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Rates Technology Inc. v. Cablevision Systems Corp.

April 20, 2007

RATES TECHNOLOGY INC., PLAINTIFF,
v.
CABLEVISION SYSTEMS CORP., DEFENDANT.



The opinion of the court was delivered by: Hurley, Senior District Judge

ORDER

BACKGROUND

I. Procedural Background

Plaintiff Rates Technology Inc. ("Plaintiff") filed this patent infringement case on July 29, 2005, alleging, inter alia, that the sale of Optimum Voice, Optimum Online VoIP and voice messaging services by Cablevision Systems Corp. ("Defendant") infringed upon two of Plaintiff's patents. Plaintiff seeks actual damages in the amount of $950 million and requests trebling to $2.85 billion under 35 U.S.C. § 284.

On April 11, 2006, Defendant filed a motion to compel responses to document demands and interrogatories. Specifically, Defendant sought an order directing Plaintiff to produce any licenses, settlement agreements, covenants not to sue, and other agreements between the Plaintiff and various non-parties concerning both of the patents at issue in this case. Plaintiff opposed the motion, primarily on the ground that discovery of such information would ultimately be inadmissible under Federal Rule of Evidence ("FRE") 408.

A. The Magistrate Judge's Order

On April 14, 2006, Magistrate Judge William D. Wall granted Defendant's motion, finding that "the materials sought are discoverable in that they may lead to the discovery of admissible evidence, and [Plaintiff's] reliance on FRE 408 is, at best, premature." (Apr. 14, 2006 Order at 2.) The order provides in pertinent part as follows:

During the course of this litigation, [Plaintiff] has bolstered its claims that its patents are universally accepted by stating that "over 120 companies have been covered under" the patents, and that [Plaintiff] has only had to litigate patent infringement claims "approximately 25 times out of some 740 covered companies." Having raised this information to its benefit, [Plaintiff] now seeks to bar inquiry into how or why those companies were "covered." Simply put, RTI cannot have it both ways.

The court takes no position on whether the information sought will be admissible at trial. FRE 408 states, in part, that evidence [of] accepting "valuable consideration in compromising or attempting to compromise a claim which was disputed as to either validity or amount, is not admissible to prove liability for or invalidity of the claim or its amount." In its opposition papers, [Plaintiff] repeatedly asserts that its agreements with non-parties are settlements and not licenses. Prior communications from RTI, however, characterize the agreements somewhat differently: "[o]ur past 'licensing' practice has been to grant Covenant Not To Sue ('CNS') agreements and not formal licenses, in exchange for one-time payments." It is possible that the documents at issue wouldn't be considered settlement materials under FRE 408.

Since discovery is ongoing and the question of admissibility is not currently before the court, it is premature to make a determination as to the nature of [Plaintiff's] other "agreements." (Id. at 2-3.) Judge Wall directed Plaintiff to produce any licenses, settlement agreements, covenants not to sue, and other agreements between Plaintiff and various non-parties concerning both of the patents at issue.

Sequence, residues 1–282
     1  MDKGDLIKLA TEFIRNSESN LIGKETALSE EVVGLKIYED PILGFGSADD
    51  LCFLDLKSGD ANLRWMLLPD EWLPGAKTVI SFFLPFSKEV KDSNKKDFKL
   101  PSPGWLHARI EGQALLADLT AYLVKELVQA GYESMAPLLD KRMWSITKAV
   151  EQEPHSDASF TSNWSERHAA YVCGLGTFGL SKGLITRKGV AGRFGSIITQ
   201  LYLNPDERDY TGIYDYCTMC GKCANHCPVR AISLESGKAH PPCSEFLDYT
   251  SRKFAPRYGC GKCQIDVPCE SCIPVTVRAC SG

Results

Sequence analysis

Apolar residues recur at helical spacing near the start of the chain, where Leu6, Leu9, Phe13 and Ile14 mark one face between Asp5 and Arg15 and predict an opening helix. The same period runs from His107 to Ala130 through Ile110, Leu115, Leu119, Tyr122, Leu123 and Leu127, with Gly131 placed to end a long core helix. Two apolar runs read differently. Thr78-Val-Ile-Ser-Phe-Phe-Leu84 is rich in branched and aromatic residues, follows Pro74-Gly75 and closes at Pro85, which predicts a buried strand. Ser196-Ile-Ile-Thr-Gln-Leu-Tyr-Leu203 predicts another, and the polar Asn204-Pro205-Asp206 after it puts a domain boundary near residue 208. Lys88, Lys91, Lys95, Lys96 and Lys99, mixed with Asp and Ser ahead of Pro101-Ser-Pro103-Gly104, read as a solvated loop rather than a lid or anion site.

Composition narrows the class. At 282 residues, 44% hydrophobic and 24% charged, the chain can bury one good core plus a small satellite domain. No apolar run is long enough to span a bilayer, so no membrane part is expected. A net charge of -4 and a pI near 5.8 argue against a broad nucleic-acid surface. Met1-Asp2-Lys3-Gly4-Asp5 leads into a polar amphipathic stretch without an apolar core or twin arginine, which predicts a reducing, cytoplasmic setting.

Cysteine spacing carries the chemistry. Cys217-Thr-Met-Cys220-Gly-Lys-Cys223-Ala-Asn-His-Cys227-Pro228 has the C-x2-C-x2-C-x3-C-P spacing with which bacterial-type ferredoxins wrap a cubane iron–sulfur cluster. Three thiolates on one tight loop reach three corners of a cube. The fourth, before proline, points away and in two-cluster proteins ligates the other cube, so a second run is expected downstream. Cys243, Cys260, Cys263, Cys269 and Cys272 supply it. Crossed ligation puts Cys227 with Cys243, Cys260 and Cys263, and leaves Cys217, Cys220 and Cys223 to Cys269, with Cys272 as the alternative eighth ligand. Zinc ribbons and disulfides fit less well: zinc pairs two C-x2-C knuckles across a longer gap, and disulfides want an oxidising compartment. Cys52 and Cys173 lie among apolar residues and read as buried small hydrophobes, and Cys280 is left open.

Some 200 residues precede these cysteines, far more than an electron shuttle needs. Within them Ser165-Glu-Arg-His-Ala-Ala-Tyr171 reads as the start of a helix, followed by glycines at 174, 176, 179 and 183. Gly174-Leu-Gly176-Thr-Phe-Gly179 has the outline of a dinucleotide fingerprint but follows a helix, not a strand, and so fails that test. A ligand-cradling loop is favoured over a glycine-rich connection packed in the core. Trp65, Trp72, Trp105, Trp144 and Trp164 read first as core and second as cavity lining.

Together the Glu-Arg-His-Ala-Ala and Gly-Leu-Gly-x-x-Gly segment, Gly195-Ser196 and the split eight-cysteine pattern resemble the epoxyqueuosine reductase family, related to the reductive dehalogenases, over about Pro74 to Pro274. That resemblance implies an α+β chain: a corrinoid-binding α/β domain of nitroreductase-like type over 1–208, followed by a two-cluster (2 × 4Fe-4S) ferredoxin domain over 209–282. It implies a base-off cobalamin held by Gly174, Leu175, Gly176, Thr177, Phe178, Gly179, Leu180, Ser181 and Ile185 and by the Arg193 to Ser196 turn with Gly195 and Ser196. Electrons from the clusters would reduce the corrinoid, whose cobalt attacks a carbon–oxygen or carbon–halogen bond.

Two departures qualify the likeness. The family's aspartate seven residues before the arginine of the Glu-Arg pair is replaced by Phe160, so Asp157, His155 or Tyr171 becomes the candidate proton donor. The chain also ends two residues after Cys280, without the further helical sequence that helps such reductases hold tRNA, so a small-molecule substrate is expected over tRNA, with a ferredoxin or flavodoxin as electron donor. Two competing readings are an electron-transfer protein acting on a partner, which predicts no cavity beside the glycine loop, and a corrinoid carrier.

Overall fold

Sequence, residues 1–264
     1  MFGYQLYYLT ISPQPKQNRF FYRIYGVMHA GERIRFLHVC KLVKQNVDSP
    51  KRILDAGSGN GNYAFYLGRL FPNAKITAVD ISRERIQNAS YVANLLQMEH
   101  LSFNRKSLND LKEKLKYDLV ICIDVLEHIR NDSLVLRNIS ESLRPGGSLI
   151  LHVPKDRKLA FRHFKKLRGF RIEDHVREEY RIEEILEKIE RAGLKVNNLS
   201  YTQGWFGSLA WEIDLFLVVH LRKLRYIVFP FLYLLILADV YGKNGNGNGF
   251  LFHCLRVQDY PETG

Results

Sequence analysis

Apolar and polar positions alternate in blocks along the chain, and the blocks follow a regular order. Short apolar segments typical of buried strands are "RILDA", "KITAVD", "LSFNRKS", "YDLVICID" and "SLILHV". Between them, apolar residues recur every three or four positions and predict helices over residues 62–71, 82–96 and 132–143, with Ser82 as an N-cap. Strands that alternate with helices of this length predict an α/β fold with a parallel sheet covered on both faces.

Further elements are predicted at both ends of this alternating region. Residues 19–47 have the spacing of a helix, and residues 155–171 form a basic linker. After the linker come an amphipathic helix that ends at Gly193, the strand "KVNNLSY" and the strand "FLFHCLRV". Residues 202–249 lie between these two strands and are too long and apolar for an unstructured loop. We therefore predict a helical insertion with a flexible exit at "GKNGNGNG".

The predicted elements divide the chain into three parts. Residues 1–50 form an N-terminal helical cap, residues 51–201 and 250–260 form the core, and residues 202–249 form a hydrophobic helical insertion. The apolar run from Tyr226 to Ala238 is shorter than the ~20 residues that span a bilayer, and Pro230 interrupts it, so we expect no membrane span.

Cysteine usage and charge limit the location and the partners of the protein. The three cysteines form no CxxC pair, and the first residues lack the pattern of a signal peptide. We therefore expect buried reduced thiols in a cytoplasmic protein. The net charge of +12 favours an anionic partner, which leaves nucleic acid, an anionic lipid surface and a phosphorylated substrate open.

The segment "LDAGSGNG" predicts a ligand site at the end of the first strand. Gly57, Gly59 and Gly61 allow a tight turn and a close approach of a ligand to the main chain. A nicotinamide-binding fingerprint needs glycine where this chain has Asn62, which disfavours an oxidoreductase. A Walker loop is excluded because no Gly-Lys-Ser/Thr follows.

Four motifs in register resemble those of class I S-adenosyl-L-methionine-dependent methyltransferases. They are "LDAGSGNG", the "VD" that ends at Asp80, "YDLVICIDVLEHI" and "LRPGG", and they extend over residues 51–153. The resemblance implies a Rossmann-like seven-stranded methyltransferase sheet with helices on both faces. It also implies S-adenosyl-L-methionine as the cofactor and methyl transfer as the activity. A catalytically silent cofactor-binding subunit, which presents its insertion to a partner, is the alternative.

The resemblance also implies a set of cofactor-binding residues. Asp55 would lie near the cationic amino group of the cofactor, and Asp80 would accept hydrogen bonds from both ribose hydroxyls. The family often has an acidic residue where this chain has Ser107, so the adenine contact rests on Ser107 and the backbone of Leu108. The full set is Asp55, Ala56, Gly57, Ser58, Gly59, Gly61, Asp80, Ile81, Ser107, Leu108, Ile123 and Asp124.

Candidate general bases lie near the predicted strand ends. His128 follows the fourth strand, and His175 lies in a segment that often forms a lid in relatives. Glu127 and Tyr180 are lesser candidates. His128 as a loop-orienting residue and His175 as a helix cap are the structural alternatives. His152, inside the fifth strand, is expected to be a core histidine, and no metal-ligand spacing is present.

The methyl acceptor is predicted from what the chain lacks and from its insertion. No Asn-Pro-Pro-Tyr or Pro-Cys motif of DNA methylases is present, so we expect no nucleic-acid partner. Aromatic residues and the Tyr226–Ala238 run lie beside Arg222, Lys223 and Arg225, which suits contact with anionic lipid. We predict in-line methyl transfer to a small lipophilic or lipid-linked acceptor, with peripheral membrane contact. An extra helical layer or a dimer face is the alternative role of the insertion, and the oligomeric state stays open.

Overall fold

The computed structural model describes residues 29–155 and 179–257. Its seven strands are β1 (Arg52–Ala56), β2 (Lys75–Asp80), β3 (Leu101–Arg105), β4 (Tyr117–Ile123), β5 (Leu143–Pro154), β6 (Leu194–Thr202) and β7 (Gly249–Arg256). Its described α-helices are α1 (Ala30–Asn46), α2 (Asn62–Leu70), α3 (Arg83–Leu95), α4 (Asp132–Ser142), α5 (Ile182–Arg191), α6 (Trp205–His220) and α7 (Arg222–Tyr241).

B. This Court's October 20, 2006 Order

Plaintiff appealed Judge Wall's decision to this Court. By Memorandum of Decision and Order dated October 20, 2006 (the "October 20, 2006 Order"), the Court affirmed Judge Wall's Order in its entirety and gave Plaintiff ten days to produce the relevant documents. Finding that Judge Wall's Order was neither clearly erroneous nor contrary to law, the Court stated:

The premise of Plaintiff's objection -- that these documents will be inadmissible at trial pursuant to FRE 408 -- is, as Judge Wall correctly pointed out, premature and irrelevant to the question of discoverability before the Court. While Rule 408 of the Federal Rules of Evidence limits the introduction at trial of evidence regarding settlement negotiations, this rule does not itself govern discovery. Instead, settlement agreements are governed by Rule 26, which allows discovery thereof so long as such disclosure "appears reasonably calculated to lead to the discovery of admissible evidence." Fed. R. Civ. P. 26(b)(1). (Id. at 5 (citations and internal quotation marks omitted).) Thus, even assuming that the documents at issue could be classified as settlement agreements, they would still be subject to discovery so long as Federal Rule of Civil Procedure ("Rule") 26 was satisfied. Here, that condition was met because in the patent context, "settlement of patent litigation may be functionally identical to a license." (Id. at 6 (citations and internal quotation marks omitted).) As the Court further explained:

[I]n "settling" claims with alleged infringers, it is of no import that Plaintiff may have styled its agreements as "covenants not to sue" rather than licenses because in the patent context, "[a] license may amount to no more than a covenant by the patentee not to sue the licensee for making, using or selling the patented invention." Ortho Pharm. Corp. v. Genetics Inst. Inc., 52 F.3d 1026, 1031 (Fed. Cir. 1995).

(Id. at 6.) Thus, regardless of their classification, to the extent these agreements reflect the industry's acquiescence to Plaintiff's patents, they may be relevant to show the validity thereof.*fn1

(Id. n.1) Accordingly, the Court found that they may lead to the discovery of admissible ...


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